After a strenuous young life, spent with other good men in promoting the rise and progress of his native village — an epoch in the early days of his vigorous youth, as indicated largely in these notes — Mr. Sugden removed to Huddersfield and entered the Town Council after a hard-fought contest with his old friend, Mr. John Blamires, 25 years ago. He has had 18 years’ service therein — 13 as Councillor and five as Alderman — and during that time has fought many memorable battles, both inside the Council Chamber and out, mostly on independent lines in his later days — a position which required an effort to maintain, owing to the strength of parties, which many think is to be highly deplored in the interests of the town. Whether this be so or not, Mr. Sugden could hardly recommend anyone to follow his example; it is much easier to gain favours and promotion by following one party or another. What with political machinery and applause, and with human nature what it is, one can find many opportunities (on both or any side) of showing bitter resentment, which only a very strong man can resist, and, even if successful — with very little comfort to the mind but that of having fearlessly done one’s duty and for conscience’ sake sacrificed everything else — splendid isolation, more or less, is bound to be the doom of an independent course where party is at all powerful.
Mr. Sugden was early associated with Huddersfield’s pioneers, when a galaxy of good men were developing the resources of the town in its most material and important aspects. There was not much water then, no trams or electricity, no sanitation worth the name as compared with to-day, the hospitals poor and crude, the sewage untreated, the gasworks to be re-modelled, the education to improve, and the Technical College to take over. All these things, and many more, mark a great stride for Huddersfield, in which a vast amount of work has been done by some earnest and devoted men, a history of whom some day will be written, when such services become better appreciated by the general public. Here, now, and until then we will have to be satisfied with this short mention of a few of the things on which Mr. Sugden was especially engaged, with others more eminent, such as the getting of the minutes printed, securing the General Purposes Committee for the whole Council instead of belonging to the few. Neither is the £2,000 per annum profit on his sulphate of ammonia plant to be despised. The convenience and income from the Sunday tram comes in useful at a time when promises of income have not been attained. The lovely flowers in the parks and the splendid bands in the charming summer months give delight to thousands nowadays. An abundance of water is coming by and by, and the Technical College shall retain the trade of the town on its higher and more artistic development by its ample Mm I greater scientific knowledge. The poor and the suffering, too, when in sickness, will find comfort and help in the splendid hospitals which have been erected — fit for a king. All these and many others may have a good word to say of the many worthy citizens who have thought more of the good to humanity than of their own personal ends (in money or otherwise), and have made many sacrifices for the public good during the long years of hard work which it has taken to attain — men who, regardless of personal applause or abuse, were quite content in having done their duty in their day and generation, men of John Bunyan’s class.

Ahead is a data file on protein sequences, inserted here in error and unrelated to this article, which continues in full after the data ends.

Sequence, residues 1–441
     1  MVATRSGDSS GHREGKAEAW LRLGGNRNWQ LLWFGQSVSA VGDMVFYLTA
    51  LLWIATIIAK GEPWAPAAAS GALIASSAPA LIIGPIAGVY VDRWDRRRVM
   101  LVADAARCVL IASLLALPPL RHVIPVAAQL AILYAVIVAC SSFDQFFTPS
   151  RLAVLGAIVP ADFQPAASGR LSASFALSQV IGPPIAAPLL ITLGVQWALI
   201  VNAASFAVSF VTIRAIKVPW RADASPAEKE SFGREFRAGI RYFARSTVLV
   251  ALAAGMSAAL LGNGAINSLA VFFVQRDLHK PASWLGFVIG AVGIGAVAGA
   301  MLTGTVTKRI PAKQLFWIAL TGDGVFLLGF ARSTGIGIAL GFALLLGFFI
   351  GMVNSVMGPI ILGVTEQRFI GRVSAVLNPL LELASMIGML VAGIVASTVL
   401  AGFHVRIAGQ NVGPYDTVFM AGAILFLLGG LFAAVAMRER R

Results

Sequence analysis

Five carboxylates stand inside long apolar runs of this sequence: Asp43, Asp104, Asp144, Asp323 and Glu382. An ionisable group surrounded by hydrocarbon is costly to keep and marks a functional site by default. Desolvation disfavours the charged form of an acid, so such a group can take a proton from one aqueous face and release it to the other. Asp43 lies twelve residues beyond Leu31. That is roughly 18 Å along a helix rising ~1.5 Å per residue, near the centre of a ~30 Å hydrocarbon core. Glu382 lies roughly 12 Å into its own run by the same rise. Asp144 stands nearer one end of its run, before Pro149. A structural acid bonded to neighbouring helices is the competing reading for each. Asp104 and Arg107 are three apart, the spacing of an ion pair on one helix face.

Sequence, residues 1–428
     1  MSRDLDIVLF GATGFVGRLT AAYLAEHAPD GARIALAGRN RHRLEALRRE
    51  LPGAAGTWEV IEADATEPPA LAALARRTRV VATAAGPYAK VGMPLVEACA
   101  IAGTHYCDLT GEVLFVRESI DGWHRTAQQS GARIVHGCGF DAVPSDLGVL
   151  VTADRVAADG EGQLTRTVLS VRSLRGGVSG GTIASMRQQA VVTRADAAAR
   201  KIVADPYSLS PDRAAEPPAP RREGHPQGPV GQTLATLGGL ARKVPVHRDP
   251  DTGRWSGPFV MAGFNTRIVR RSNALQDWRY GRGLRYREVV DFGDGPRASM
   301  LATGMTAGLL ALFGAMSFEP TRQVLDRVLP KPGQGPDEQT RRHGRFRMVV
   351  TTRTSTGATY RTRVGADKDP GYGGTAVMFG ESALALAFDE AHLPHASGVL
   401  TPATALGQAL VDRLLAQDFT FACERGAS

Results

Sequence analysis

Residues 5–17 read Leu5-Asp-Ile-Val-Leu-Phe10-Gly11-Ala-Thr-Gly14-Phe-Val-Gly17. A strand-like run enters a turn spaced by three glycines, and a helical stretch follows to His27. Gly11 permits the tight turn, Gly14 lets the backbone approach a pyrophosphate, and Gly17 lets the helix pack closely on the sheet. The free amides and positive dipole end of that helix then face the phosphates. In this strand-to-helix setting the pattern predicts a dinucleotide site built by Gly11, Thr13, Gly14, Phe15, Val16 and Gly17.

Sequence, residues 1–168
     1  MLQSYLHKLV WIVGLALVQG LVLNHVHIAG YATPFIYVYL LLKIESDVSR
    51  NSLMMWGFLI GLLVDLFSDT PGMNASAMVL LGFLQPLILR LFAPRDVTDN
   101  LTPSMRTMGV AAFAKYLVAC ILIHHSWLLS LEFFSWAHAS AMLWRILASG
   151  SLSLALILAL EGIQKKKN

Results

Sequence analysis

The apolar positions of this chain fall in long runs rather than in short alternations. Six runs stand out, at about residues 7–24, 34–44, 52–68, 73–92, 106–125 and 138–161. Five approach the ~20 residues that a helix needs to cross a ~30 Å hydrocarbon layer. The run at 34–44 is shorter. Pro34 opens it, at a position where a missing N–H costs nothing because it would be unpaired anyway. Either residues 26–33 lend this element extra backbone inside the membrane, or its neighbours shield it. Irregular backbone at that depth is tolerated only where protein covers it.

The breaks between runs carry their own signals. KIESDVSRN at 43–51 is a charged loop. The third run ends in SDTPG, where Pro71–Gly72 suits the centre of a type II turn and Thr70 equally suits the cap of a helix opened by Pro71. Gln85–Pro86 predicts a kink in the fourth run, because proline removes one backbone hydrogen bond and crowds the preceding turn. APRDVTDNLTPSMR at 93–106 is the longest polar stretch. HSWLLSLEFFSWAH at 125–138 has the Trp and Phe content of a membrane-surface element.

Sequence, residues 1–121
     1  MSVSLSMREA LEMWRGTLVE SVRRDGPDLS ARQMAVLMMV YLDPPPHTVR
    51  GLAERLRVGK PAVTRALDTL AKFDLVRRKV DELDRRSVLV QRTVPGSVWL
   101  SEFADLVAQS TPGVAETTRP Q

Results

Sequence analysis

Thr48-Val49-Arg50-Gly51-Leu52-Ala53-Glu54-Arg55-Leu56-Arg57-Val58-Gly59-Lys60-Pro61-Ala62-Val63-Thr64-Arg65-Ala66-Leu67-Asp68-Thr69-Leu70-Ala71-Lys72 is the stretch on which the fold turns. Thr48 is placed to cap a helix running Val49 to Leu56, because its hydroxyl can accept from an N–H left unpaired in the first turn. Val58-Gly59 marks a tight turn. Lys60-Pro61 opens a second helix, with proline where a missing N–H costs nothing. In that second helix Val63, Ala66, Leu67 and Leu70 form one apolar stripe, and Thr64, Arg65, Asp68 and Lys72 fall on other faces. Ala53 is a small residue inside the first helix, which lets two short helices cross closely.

To such an one loss of a seat only causes the regret of the inability to render a further service. To him there can be no jealousy of those who may arise. No! there will only be a miser’s care for a prolongation of their usefulness and a brighter chance for their many virtues; and that all their future efforts may far eclipse those who have gone before is my simple prayer, not only on behalf of the people here, but all over the world. Let such arise, shine! and be honoured as they so richly deserve to be for their laudable efforts to lift humanity, to lessen its suffering, and to promote its greater happiness
Slaithwaite Notes: Past and Present (1905) by John Sugden